I spent the first two days exploring the Buffalo Mountain trail between Matewan and the Reverend Compton trailhead. I found that everything was well marked and easy to follow. Most of what I rode were the blue trails and the difficulty was not too bad, just a little challenging on the rocky hill climbs. The scenery was breathtaking and I found some interesting rock formations.

Of course, you can't go riding anywhere in the woods without finding an abandoned rusting truck, but where else can you ride and find an entrance to an old coal mine? This was shaping up to be a cool ride, but it was about to get cooler!

I was watching TV in the living room of my cozy B&B, the weatherman just came on with the prediction of snow for the night. As if on cue, the telephone rang, it was Todd Nenni, one of the owners of WV Outback ATV. He was guiding and video taping a group from the Windrock ATV Club, and wanted to know if I wanted to ride with them?

It was still dark when he picked me up the next morning. We strapped my quad on his trailer and headed out, blazing a trail in the fresh fallen snow. We arrived at the Browning Fork Trailhouse where the Windrock group was staying, and it was still snowing. Introductions were made and we all suited up in our warmest clothes.

Todd lead us down a county road a short ways, then we accessed the Browning Fork trail. Several hours and too many numbered trails to remember, we exited at Rockhouse trailhead. Following Todd's lead in the town of Man, we fueled the quads and had lunch.

Returning to the trail with newfound energy, the Windrock group couldn't help but engage in a friendly snowball fight. Club president, Larry "Red" Hudgins, seemed to be the most chosen target while ?the magazine guy?(me) seemed to be off limits. (Advantages of carrying expensive cameras or the fear of the power of the press?) Todd rounded up the group before we became frozen bumps in the ground, and lead us back to the warm cabins we left behind that morning.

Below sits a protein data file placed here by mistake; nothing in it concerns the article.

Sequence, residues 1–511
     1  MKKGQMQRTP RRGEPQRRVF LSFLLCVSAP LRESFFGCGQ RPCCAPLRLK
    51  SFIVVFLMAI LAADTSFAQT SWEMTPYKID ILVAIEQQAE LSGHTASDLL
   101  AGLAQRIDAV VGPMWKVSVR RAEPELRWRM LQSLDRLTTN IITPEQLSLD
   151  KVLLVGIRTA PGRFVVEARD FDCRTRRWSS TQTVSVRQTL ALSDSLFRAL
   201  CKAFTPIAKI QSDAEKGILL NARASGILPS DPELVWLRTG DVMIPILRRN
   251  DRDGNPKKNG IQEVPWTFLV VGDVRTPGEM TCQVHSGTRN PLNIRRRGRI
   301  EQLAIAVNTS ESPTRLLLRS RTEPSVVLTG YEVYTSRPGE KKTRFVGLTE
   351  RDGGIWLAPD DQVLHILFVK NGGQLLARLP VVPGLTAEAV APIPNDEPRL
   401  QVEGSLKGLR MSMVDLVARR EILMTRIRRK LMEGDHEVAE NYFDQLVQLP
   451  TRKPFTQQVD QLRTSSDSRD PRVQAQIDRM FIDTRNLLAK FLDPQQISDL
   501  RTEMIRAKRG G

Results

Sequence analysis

At the end of the day, one of my questions had been answered. If the trail system is marked, why would you want to hire a guide? Well simple, you tell him the type of trails, time you want to ride and any other details you want accordingly. Your guide will then plan your ride. You will never have to stop and look at a map or worry if you'll make it back by dark. Everything rolls smoothly and it makes for an enjoyable day.

What Las Vegas has done with glitz, glamour and neon, West Virginia took their mountains, scenery and hospitality, played the cards they were dealt and came up with a royal flush. My time there was too short, there are many more trails to ride and things to see. In the words of a famous California governor "I'LL BE BACK".

More information:

Cost of Permits:
$75 annual, out-of-state (just lowered from $100)
$25 annual, in-state residence
$35 three-seven day permit
$18 one day permit
Plus 6% sales tax

Permits can be purchased online, at the trailheads, or local vendors. Check the website or call 1-800-592-2217.

The trails are on private land and sections can be closed at any time by the owners. You need to check the trail status before arriving.

Todd Nenni, WV Outback ATV
The Great Bunch from the Windrock ATV Club
David Akers & John David, just because I want to.
Finally, Donna May, owner of the Matewan Depot Restaurant for her home-cooked meals.
Check out her Rider's Book while there!

Hatfield-McCoy Trail System

WV Outback ATV

Windrock ATV Club

Browning Fork Trailhouse

      David Wilmot

      Keeping it NTHEWIND Photography